ISLAMABAD: Pakistan seems to have averted, or delayed, an imminent balance of payments crisis, thanks largely to the packages from friendly countries, which are expected to reach $13-14 billion, including the much talked about package from the UAE.
These packages comprise cash deposits in our foreign reserves and deferred payments on commodities, largely oil, but may include liquefied natural gas (LNG) as well. None of this is grant or aid, and although the government is using the word deposit, in practical terms, it is a short-term external loan as this money ought to be repaid along with interest of up to 3.5% per annum.
This has, at least, provided a breathing space to the government and, in particular, to the finance minister. How he uses this breathing space, which is expected to last one year, will determine the economic situation of the country during the current government’s tenure.
Here are my two cents to the discussion on the economic roadmap – literally a two-point agenda.
A good sign is the separation of tax administration and policy, which gives an encouraging message about seriousness of the reforms. The Federal Board of Revenue (FBR) should not be given any monetary targets for tax collection, which has often been used in the past to collect advance taxes by hook or crook or by withholding tax refunds, thus jeopardising working capital of the businesses.
We should move to a simplified income tax system, with ideally a single, flat rate. Fifty countries of the world now have the flat tax. Thus, instead of having to play with a plethora of tax slabs and rates, every firm or individual should pay the same rate.
We have proposed in a study, led by Dr Ikramul Haque, that a flat income tax of 10% should suffice for fiscal needs of the country. This is wrongly perceived as an unjust tax because under this decision the poor and rich are required to pay the same level of tax.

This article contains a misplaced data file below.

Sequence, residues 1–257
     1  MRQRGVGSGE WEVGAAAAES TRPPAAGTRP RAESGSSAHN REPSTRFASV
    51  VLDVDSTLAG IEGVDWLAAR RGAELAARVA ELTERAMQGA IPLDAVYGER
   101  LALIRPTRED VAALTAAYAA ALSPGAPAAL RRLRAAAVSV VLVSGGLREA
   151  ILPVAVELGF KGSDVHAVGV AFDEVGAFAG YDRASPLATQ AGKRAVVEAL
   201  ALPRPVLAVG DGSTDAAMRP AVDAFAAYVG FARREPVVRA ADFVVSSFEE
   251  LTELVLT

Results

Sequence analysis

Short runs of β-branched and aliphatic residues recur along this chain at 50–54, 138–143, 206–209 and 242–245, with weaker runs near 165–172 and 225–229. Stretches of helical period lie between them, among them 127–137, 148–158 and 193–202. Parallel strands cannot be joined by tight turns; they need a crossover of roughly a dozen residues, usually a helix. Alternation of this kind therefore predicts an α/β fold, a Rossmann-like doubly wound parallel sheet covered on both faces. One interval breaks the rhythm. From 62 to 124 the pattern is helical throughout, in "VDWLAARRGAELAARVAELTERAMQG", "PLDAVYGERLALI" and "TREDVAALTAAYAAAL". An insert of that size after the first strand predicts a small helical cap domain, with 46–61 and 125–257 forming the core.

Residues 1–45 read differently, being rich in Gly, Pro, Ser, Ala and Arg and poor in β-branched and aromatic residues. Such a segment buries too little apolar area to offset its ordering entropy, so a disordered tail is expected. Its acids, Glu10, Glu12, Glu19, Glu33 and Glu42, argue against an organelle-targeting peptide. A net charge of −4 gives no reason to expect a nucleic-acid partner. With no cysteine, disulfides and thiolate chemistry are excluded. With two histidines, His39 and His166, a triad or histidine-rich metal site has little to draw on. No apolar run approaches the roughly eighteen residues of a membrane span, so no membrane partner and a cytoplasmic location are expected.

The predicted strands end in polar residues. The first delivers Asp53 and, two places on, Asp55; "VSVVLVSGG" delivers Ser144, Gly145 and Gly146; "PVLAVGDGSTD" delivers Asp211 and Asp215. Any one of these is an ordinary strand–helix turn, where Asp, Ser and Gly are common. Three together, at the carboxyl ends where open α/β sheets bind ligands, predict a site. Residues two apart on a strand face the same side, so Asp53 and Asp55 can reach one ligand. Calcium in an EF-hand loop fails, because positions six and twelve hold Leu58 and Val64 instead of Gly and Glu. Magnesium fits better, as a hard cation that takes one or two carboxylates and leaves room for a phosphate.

The obvious flaw in this argument is that rich individuals and firms will end up paying much more in absolute terms than the low-income individuals and firms.
All kinds of exemptions should be immediately withdrawn in the budget for 2019-20. If fully enforced, the flat tax can double the yield and at the same time, it can substantially reduce the tax burden on a small number of enterprises.
For example, the industry, which contributes 20% of gross domestic product (GDP), pays 70-80% of direct taxes. This needs to be immediately corrected and a simple solution is the introduction of a low, flat income tax. The general sales tax (GST) regime also needs a major overhaul as large enterprises account for more than 80% of the GST collected. Instead of maintaining multiple slabs of GST, we should move to a unified GST rate.
Countries usually start from a lower level of GST, like 3% and revise it upwards. However, Pakistan started at a very high GST rate of 25%, though it was brought down to 17%. It is still substantially high and needs to be drastically cut down to 5-10%.
The distinction between filers and non-filers of tax returns should be resolved and instead we must increase our capacity to enforce taxes on everyone where they are due.
Except for Pakistan, there is no other country in the world which collects up to 40% of indirect taxes at the import level. Pakistani tax planners seem to have devised an easy formula to raise tax collection – charge increased and multiple duties, taxes and tariffs at the level of import.
An importer does not only have to pay import duty, but also advance income tax and advance sales tax at the time of import, which can be later adjusted or claimed. The finance minister should eliminate the collection of advance income tax and advance sales tax at the import level. This will bring substantial liquidity back into businesses and also simplify the import taxation structure. The tariff lines also need further harmonisation.
Ideally, we should have a flat tariff rate, regardless of the nature of products. But a reasonably low level of tariff can be agreed upon without losing the current revenue collection through import duties alone. When it comes to business environment, something which the prime minister has highlighted several times, there is nothing more painful than the current tax and tariff structure.
Pakistan is in the list of countries where paying taxes is the most cumbersome. This is the very area where the government has the biggest leverage to demonstrate success.
A simplified, low, flat and uniform tax structure is a perfect recipe for wealth creation. This will also release the dead capital stuck in unproductive assets in the form of real estate across Pakistan and results can be seen within one fiscal year.
Single-mindedness on tax and tariff reforms can be much more rewarding than any other economic initiative at the moment.
The writer is the founder of PRIME Institute, an independent think tank based in Islamabad
Published in The Express Tribune, January 7th, 2019.